Lesson 3: Global Multidimensional Poverty Index

The global Multidimensional Poverty Index (MPI) is an international measure of acute multidimensional poverty covering over 100 developing countries. It complements traditional monetary poverty measures by capturing the acute deprivations in health, education, and living standards that a person faces simultaneously.

The global MPI was developed by Oxford Poverty and Human Development Initiative (OPHI) with the UN Development Programme (UNDP). It has been published annually by OPHI and in the UNDP’s Human Development Report since 2010.

It is divided into three dimensions of poverty, affecting health, education and living standards.

Each one of these dimensions groups different indicators, holding a specific weight: nutrition, child mortality, years of schooling, school attendance, cooking fuel, sanitation, drinking water, electricity, housing, assets.

Source: flaticon.com
Health (1/3)
Any person under 70 years of age for whom there is nutritional information is undernourished.
SDG 2: Zero Hunger
Child mortality
A child under 18 has died in the household in the five-year period preceding the survey
SDG 3: Health and Well-being
Education (1/3)
Years of schooling
No eligible household member has completed six years of schooling
SDG 4: Quality Education
School attendance
Any school-aged child is not attending school up to the age at which he/she would complete class 8 (12-13 years).
SDG 4: Quality Education
Living Standards (1/3)
The household does not own more than one of these assets: radio, TV, telephone, computer, animal cart, bicycle, motorbike, or refrigerator, car or truck.
SDG 1: No Poverty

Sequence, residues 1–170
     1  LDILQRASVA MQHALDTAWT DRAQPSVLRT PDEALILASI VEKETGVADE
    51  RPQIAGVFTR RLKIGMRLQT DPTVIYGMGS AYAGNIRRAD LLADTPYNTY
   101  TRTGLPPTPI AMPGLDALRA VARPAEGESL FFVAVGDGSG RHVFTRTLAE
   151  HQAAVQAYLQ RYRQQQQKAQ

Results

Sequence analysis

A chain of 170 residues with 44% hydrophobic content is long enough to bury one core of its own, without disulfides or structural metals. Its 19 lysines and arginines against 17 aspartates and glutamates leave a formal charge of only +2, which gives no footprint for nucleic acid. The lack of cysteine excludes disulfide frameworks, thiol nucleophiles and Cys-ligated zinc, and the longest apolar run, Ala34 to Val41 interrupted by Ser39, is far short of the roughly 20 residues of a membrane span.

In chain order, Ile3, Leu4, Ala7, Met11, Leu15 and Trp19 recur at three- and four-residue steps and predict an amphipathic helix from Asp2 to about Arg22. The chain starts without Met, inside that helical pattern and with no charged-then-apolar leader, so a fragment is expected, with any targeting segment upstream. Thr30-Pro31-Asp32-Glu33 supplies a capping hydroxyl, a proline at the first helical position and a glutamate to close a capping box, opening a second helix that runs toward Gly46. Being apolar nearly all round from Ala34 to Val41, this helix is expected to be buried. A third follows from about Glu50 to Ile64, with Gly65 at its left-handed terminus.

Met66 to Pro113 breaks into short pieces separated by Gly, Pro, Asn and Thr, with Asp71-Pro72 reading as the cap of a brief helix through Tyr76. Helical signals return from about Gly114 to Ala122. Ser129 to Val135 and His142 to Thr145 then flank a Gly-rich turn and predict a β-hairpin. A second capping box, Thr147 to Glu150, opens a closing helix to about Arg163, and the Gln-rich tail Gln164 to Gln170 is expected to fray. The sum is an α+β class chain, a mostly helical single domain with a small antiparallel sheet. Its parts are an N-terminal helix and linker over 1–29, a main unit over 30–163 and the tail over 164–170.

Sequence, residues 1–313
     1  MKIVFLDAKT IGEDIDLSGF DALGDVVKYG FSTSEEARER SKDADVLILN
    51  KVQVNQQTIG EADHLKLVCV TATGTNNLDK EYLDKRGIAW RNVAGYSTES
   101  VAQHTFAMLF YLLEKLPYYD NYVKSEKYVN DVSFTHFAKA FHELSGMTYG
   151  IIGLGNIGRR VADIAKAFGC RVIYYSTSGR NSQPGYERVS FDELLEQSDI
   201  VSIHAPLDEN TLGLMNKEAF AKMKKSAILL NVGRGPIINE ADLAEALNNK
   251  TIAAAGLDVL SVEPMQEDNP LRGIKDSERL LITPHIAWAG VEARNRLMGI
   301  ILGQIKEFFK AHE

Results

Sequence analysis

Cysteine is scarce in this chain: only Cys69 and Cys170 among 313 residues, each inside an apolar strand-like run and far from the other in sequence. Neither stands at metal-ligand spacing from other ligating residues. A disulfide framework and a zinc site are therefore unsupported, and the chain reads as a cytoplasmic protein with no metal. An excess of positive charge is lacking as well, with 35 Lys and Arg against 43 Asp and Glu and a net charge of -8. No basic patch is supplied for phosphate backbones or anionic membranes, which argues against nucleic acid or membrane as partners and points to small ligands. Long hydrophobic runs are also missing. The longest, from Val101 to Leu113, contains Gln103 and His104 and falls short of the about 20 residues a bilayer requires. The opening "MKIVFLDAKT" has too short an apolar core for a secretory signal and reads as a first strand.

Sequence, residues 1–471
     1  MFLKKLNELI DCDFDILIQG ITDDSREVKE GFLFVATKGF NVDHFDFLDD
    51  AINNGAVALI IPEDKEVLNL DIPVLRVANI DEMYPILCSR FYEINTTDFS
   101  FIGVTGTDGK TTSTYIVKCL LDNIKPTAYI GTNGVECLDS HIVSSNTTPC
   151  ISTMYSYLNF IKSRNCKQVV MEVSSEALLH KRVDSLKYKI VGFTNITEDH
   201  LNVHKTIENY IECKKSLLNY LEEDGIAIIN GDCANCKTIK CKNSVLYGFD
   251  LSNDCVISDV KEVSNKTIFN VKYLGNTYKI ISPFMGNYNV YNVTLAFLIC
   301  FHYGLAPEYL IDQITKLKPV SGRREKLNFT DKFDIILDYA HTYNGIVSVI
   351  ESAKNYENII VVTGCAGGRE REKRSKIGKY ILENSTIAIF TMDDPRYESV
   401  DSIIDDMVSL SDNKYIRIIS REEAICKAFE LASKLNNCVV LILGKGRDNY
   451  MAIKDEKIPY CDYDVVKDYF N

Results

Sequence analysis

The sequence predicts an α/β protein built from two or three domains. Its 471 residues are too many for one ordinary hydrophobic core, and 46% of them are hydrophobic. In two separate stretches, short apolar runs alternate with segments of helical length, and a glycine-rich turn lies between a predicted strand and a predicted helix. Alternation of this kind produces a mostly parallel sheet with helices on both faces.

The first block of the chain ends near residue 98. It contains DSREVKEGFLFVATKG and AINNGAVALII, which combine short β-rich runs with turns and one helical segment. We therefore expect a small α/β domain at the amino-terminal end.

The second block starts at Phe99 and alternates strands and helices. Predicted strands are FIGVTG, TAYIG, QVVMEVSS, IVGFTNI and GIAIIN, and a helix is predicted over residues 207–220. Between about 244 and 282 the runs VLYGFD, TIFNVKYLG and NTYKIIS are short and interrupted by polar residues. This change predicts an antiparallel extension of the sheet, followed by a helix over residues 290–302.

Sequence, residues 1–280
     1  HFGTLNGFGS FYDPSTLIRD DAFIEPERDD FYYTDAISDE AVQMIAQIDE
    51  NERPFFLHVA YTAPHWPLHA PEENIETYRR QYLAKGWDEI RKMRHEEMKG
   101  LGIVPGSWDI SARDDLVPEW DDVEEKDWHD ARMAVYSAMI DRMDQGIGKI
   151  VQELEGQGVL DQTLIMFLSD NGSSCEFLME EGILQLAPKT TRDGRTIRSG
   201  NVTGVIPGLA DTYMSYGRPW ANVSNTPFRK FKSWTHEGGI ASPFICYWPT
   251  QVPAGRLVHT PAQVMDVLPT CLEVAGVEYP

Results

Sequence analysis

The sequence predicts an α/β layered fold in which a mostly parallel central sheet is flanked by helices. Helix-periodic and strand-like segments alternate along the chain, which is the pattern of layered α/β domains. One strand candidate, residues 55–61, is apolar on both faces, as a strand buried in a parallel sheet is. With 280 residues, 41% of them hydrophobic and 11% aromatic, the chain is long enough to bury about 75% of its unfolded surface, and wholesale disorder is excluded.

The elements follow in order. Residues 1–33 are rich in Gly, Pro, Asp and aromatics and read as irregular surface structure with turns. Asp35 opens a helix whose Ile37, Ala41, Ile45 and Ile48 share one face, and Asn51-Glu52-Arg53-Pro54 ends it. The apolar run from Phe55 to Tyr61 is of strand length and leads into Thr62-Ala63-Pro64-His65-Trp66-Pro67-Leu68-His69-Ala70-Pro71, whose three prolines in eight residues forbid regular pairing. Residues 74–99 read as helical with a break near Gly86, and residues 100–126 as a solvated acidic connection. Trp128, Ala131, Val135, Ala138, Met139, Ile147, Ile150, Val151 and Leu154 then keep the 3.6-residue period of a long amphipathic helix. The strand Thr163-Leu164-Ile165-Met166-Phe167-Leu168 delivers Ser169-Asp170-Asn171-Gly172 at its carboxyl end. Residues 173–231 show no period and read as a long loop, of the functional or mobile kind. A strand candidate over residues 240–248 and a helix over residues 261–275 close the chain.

The household has unimproved or no sanitation facility or it is improved but shared with other households.
SDG 6: Clean Water and Sanitation
Drinking water
The household’s source of drinking water is not safe or safe drinking water is a 30-minute or longer walk from home, roundtrip.
SDG 6: Clean Water and Sanitation

One element emerges clearly from the way the index is constructed and illustrated: economic poverty is undoubtedly a commonality across all dimensions, but it is not made explicit as a dimension in its own right. The scarcity of money limits access to educational opportunities, leads to reduced standards of living, and the presence of these conditions leads to lack of social, physical, and mental well-being that is likely to affect the lives of those who meet the criteria in the index in the long run.

The MPI assesses poverty at the individual level. If a person is deprived in a third or more of ten (weighted) indicators, the global MPI identifies them as ‘MPI poor’.

We see, moreover, that health and the indicator “nutrition” occupy the first place among the dimensions of the MPI, being a cause and consequence of poverty.

However, putting aside the poverty-related element, not having access to educational opportunities means not being able to be aware of what is needed to get out of a condition of malnutrition, how to optimize food consumption and consciously purchase.

Moreover, two years of the Covid-19 pandemic and, more recently, the Russian invasion of Ukraine and subsequent war, and the energy crisis due to the shutdown of gas exports from Russia, exacerbate an already very alarming food security situation, with unprecedented spikes in global commodity prices as well as in input costs, including energy and fertilizer, and a growing number of food insecure and undernourished people.

Source: eufic.org